Top positive review
Not a "detective" story, but a presentation of evidence.
on 23 June 2015
I thought this was a wonderful book but that is probably because I am a fan of the older mysteries and enjoy seeing how authors approached the genre in its young days. In this case, not just an infant but practically it's birth day. You might appreciate this novel more if you forget about it being billed as a detective novel because it definitely is not that. Instead you have an investigation presented from the point of view of an investigator for an insurance company into the death of someone the company he works for insured. As you read more and more of the letters, journal entries, statements and reports compiled by Mr. Henderson you watch his case build up.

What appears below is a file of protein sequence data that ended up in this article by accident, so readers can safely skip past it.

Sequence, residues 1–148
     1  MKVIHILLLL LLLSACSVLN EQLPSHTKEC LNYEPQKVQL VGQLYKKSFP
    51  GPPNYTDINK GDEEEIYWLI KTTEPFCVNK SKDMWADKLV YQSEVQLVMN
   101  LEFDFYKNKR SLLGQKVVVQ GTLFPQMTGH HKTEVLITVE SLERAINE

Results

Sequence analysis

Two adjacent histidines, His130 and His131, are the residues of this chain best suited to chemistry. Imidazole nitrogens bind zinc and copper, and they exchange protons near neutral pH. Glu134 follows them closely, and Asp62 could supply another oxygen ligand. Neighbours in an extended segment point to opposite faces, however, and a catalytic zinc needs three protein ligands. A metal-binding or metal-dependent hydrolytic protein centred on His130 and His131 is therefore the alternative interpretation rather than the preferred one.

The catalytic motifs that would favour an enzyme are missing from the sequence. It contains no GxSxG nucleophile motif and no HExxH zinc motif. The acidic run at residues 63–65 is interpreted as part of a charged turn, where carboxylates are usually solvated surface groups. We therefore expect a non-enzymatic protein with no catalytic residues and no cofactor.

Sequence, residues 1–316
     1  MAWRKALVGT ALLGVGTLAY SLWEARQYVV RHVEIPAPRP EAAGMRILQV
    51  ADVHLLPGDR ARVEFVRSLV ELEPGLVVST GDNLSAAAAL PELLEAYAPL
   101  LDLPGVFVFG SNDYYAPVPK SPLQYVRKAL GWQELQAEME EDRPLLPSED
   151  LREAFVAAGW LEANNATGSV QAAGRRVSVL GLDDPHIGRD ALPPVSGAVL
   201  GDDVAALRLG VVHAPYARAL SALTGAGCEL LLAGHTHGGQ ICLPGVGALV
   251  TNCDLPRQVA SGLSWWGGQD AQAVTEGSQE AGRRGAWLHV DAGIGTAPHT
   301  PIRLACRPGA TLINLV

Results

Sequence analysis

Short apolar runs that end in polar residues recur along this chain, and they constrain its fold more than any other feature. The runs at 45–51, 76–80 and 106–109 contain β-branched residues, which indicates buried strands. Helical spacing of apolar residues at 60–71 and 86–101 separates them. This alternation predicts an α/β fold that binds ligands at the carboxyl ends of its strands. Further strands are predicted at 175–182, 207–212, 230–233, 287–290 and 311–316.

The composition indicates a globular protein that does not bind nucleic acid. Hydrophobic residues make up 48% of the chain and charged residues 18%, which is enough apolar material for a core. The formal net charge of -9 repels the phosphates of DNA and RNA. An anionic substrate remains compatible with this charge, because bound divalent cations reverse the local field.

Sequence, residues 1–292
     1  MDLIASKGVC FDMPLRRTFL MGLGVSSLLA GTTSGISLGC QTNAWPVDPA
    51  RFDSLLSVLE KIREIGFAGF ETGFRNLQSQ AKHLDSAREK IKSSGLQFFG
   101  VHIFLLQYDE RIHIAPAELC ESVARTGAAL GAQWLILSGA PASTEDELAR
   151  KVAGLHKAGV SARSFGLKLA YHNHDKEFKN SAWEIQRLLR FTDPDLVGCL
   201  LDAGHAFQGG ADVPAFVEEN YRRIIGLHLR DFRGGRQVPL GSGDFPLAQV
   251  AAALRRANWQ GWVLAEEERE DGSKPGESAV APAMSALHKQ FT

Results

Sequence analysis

The first of the letters concerning the characters were dated in the 1830s and the story concludes in about 1856. Watching Mr. Henderson line up his evidence regarding Baron R** and the mysterious happenings going on with those whose lives he touched was fascinating for me. Granted, this style of novel can be rather bland and dry but if you appreciate watching an expert gather his evidence you will be more likely to enjoy this novel. Knowing this story was published in 1865 gives readers a wonderful example of how the genre has evolved over time and how remarkable it was for Charles Warren Adams to have written this "first" so well. This is a novel for the reader who enjoys the language of the Victorian era and the meticulous gathering of evidence and presentation of that evidence in summary form. Quite an interesting curiosity and I'm very glad I had the chance to read it.
I received an e-ARC of this novel through NetGalley.